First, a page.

Bringing the symphonic and technical death metal from the underground, Ex Deo are looking to make a massive statement with a powerful sound and crushing instrumentation on their latest record ‘The Immortal Wars’. If you’re a fan of bands like Fleshgod Apocalypse, then this band will be right up your alley.
Opening up with the strong build up, ‘The Rise Of Hannibal’ has a strong army marching quality with its tempo and beat that it will bring the head banging as soon as it enters the room. As well as this, the overall production on the album is phenomenal as every single instrument, whether it be orchestral or by the band comes through as crisp as anything. The breakdown smashes through the walls with the sudden shrill moments of the symphonic elements making you sound like you’re in the middle of a war. It picks up the pace a lot more with ‘Hispania (Siege of Saguntum)’ and with that, the album pushes itself up even higher with the sound and the overall tone of the record. With both guitars playing of each other really well whilst the drums provides a powerful and gripping backing for the chugging/tremolo picking that makes things just become quite overwhelming but with a notion that you cant turn away.
Their main theme throughout the entire album is on Ancient Rome and it sticks to those theme quite religiously. The entire concept helps add to the entire symphonic qualities as well as the lyrics, only making this album that much more unique and exciting. Tracks like ‘Suavetaurilia (Intermezzo)’ highlight the production on this record superbly as well as the follow up track ‘Cato Major: Carthago Delenda Est!’ whose introduction only pushes the enjoyment of the record, but doesn’t overshadow the destruction that the rest of the band bring throughout the record with the vocals telling a strong tale behind its screams. The album closer ‘The Roman’ opens on a sombre note before the rest of the band provide this devastating and clutching element with the guitars that help round out the track superbly whereas the track help bring the album to such a climactic close with the album feeling near perfect by the end of the 9 track onslaught.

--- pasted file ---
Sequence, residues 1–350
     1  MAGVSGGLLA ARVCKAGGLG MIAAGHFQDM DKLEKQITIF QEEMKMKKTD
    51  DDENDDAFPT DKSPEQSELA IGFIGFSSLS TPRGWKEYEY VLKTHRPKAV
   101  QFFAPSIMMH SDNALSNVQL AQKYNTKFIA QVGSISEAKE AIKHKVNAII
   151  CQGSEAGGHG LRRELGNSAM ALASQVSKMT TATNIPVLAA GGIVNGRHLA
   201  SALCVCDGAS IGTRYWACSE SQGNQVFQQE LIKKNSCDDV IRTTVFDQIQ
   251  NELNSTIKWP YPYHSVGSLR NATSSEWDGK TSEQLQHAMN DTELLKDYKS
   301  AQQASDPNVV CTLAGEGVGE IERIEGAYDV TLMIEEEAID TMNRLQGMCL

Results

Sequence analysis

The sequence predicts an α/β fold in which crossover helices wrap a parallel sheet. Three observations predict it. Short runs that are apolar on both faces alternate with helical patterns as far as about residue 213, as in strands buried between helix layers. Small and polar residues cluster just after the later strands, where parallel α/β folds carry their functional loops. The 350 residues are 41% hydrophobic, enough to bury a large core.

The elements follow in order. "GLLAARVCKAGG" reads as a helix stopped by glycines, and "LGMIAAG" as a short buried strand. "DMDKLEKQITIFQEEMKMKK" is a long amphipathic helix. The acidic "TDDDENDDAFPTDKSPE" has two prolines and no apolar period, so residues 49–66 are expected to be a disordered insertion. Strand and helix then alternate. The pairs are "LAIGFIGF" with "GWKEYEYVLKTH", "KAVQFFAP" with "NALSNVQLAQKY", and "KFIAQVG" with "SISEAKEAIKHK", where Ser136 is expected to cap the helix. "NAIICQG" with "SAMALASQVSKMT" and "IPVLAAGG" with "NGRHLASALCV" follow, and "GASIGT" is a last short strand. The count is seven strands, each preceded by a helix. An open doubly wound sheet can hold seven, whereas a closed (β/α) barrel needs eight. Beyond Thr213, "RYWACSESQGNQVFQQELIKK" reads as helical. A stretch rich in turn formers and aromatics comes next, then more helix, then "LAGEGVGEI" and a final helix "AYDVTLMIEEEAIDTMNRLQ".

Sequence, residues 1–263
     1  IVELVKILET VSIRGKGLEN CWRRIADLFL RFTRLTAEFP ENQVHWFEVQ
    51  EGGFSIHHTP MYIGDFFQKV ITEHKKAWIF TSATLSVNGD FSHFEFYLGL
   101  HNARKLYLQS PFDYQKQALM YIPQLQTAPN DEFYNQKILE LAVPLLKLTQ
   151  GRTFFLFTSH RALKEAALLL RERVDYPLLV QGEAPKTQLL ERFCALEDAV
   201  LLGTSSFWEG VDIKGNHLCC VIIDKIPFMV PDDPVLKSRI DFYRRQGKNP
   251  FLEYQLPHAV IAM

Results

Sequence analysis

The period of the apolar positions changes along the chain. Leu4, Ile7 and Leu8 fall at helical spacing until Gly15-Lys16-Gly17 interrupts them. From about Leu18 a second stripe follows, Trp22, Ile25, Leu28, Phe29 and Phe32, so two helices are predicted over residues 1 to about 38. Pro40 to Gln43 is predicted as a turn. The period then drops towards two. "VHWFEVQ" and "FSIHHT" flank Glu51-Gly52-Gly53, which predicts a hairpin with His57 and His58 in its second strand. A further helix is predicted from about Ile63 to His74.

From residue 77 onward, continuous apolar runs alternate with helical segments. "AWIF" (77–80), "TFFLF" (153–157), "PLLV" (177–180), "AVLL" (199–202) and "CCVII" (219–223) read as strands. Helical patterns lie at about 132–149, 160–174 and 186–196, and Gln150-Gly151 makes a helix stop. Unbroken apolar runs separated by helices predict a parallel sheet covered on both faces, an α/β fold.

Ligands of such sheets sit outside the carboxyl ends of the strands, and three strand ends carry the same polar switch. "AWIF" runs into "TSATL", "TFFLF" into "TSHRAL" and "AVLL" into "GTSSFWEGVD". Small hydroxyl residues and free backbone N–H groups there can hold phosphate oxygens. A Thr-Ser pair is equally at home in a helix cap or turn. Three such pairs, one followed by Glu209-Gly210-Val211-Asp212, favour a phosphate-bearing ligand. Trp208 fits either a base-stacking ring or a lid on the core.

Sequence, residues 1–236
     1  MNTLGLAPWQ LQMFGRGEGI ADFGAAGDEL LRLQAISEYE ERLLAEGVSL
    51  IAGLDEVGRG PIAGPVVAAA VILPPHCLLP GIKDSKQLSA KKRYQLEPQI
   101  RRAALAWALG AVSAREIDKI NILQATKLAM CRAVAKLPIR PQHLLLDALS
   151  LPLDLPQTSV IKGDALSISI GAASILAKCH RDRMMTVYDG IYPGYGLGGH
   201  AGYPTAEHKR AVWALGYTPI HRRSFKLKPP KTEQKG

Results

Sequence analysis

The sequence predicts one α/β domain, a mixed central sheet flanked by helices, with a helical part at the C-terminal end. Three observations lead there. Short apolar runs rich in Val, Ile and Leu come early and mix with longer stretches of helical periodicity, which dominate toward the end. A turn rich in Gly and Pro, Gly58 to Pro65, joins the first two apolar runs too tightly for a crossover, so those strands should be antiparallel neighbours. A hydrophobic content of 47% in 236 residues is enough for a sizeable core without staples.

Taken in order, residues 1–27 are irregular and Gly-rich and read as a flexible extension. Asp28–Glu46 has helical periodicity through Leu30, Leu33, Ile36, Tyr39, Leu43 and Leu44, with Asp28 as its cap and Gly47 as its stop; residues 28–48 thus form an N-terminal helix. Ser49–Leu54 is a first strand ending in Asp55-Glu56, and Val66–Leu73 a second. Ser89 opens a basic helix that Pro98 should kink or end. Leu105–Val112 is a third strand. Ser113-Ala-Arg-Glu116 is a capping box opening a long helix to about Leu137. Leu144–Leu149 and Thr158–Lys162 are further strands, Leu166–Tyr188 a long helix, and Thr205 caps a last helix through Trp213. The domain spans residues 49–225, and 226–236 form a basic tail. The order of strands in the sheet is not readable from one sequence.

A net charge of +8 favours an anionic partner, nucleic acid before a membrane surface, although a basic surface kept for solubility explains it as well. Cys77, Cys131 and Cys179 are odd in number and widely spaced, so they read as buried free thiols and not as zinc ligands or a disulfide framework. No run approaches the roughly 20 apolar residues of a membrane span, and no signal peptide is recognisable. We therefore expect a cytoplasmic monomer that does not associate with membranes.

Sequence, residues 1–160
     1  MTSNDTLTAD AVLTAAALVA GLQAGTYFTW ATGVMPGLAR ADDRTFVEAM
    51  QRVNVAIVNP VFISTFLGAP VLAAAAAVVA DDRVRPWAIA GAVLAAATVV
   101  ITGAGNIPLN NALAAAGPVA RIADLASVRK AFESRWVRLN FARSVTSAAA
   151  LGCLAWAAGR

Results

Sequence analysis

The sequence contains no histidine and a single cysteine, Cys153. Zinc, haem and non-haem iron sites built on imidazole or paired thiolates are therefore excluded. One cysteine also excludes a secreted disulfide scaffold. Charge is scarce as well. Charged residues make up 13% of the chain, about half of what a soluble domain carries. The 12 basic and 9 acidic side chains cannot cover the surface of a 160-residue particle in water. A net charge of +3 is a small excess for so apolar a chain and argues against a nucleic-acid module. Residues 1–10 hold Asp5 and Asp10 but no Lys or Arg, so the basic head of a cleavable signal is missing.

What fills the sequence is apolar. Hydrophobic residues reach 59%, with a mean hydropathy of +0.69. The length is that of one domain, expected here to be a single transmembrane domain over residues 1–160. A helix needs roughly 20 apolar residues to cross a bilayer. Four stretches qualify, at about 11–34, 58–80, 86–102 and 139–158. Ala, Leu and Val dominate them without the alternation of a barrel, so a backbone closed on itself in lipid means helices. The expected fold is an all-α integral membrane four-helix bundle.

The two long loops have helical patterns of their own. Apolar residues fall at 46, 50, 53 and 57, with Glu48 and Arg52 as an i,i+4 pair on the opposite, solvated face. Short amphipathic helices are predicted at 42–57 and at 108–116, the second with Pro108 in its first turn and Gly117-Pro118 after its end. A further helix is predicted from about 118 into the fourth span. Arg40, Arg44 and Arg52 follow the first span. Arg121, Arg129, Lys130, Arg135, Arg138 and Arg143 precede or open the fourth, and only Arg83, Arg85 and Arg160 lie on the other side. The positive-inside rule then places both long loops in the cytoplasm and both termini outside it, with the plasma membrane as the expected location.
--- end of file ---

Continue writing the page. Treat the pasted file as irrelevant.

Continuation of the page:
With this album being 5 years after its predecessor, it was tough to see what would become of the record, especially with their hiatus. With a lot of blood and sweat going into this third album, the band have made something wonderful and full of life, showing that they aren’t to be looked over and their style is far from uncouth.